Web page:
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  • 10. At 01:54am on 05 Jun 2008, MichiganFlicker wrote:

    Chicago???!!!!
    HAHAHAHA

    Unless they plan on completely redeveloping their transit system, no way!

    They have about 6 lines on the L-train/subway/underground system and it is nigh on impossible to go from one line to another. The train station is nowhere near a transit stop. It is one of the most ridiculous public transport systems I have witnessed in any city anywhere. OK you don't expect much in car-happy America, but I am sure there are many better within the US.

    Send it to Rio, give South America an Olympics for once.

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  • 11. At 02:04am on 05 Jun 2008, Stargazer wrote:

    Yes, #7. And, as you will have noticed, it was a typing error because it was correct a few lines below. Unfortunately there is no way to correct typos in posts... Apart from that your reasoning in the bottom line is identical to mine: but do the IOC really want to take a chance with Rio, or give the Olympics to the USA yet again?

    It's an interesting poser.

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  • 12. At 02:57am on 05 Jun 2008, DB wrote:

    As a Chicago resident, let me just say that our infrastructure -- or at least one key aspect of it -- is a serious barrier to us getting the bid. That aspect is local transportation. North Lake Shore Drive is in desperate need of reconstruction; the 'el (underground) requires heavy renovation and an entirely new route, the Circle Line, if it is to work to its full effectiveness; and as many as 1,000 buses need replacement as it is and another thousand or more will need replacement by the Games. What's worse is that we have $4 billion in federal funding towards these projects sitting on the table because the Governor and legislature of Illinois so far have failed to produce local matching funds, which would probably require a tax increase. So we have a vacuum of leadership in our state government that no amount of city leadership will solve.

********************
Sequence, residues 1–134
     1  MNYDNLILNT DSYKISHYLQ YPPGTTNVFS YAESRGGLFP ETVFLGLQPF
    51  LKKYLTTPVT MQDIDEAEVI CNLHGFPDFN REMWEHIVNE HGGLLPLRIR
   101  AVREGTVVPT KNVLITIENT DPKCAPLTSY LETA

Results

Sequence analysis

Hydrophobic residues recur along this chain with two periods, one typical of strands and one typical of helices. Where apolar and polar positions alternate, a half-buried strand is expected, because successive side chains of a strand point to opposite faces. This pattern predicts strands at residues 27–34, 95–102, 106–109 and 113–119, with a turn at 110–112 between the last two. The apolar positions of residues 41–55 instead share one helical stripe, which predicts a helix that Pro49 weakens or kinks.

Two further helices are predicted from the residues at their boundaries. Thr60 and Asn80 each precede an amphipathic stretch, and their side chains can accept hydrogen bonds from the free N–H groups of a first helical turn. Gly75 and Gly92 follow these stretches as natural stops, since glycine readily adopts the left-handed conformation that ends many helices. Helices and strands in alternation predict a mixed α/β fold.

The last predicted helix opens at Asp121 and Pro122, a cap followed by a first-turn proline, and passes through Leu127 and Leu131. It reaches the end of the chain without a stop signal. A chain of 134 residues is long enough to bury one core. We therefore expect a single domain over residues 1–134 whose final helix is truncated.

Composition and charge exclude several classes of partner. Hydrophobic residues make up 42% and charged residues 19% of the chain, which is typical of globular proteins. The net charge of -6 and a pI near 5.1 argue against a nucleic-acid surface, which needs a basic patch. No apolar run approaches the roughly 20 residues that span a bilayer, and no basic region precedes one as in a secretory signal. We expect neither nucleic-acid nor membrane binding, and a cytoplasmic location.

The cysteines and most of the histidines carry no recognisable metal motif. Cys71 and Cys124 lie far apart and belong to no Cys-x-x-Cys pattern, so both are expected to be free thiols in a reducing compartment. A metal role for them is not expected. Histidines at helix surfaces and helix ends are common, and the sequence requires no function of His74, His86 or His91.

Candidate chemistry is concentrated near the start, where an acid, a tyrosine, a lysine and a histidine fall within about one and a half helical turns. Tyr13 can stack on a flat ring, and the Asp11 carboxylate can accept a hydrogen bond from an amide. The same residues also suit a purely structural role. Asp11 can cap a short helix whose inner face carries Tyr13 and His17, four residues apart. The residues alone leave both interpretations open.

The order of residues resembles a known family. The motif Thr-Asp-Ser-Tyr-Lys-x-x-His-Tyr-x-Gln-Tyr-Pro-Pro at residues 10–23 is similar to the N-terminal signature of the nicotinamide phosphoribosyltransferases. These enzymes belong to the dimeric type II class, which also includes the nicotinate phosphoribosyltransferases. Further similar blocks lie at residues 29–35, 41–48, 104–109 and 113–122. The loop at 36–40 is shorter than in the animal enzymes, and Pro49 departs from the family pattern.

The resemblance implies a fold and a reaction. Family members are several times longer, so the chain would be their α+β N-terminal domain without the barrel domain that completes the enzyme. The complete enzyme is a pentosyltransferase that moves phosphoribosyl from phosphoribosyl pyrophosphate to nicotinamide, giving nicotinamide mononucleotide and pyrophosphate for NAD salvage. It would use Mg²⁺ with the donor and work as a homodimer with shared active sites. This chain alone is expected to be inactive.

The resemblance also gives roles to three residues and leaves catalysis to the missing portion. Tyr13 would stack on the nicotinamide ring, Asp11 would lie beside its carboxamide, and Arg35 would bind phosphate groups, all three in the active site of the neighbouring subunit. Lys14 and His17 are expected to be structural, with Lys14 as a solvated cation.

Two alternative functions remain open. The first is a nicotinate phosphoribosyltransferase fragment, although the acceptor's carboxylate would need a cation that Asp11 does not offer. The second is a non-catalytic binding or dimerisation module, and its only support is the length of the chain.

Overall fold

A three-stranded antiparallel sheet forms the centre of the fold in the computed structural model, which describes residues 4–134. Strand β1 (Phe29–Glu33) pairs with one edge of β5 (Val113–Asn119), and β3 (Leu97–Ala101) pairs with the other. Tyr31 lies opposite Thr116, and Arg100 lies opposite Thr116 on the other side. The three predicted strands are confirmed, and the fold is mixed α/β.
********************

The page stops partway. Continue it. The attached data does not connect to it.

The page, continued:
If this year's legislative session does not solve the local matching funds issue, the federal dollars expire, and with it, in all probability, our Olympic bid.

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  • 13. At 03:05am on 05 Jun 2008, DB wrote:

    MichiganFlicker is partly mistaken about our transit system. The 'el lines connect with one another very well. What they don't connect properly with is the regional rail system. Out of Chicago's four downtown terminii, only one, Millennium Station, connects directly with the 'el and it is a long, long tunnel; two others, LaSalle Street and Ogilvie stations, have 'el stations right next to them but you do have to walk outside to get to them. And Union station, the biggest station of all, is a good three block walk from the 'el (although it is so close to so much of the Loop that this does not deter the commuters). This subway/regional rail connectivity is what the Circle Line is supposed to remedy, and it will work by connecting stations a little way out from the city center (e.g. Clybourn, Halsted), so that it operates as a city-wide distributor and not just a local downtown connection.

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  • 14. At 04:53am on 05 Jun 2008, pierreri wrote:

    i think rio de janeiro deserves to host the 2016 games. the city hosted the pan-american games in 2007 which was a great success. mexico might have hosted the games in 1968, but the games have never been in south america.
    brazil has come a long way and the country is able to host the olymnpics as well as the 2014 soccer world cup!!!!!!!!!

    for the last 20 years the olympic games have been in the u.s.a, europe, asia and australia and it is about time the i.o.c. recognizes the strength of latin america!!!!!!

    good luck brazil!!!!!!

    good luck rio de janeiro!!!!!!

    you deserve to host the olympic games!!!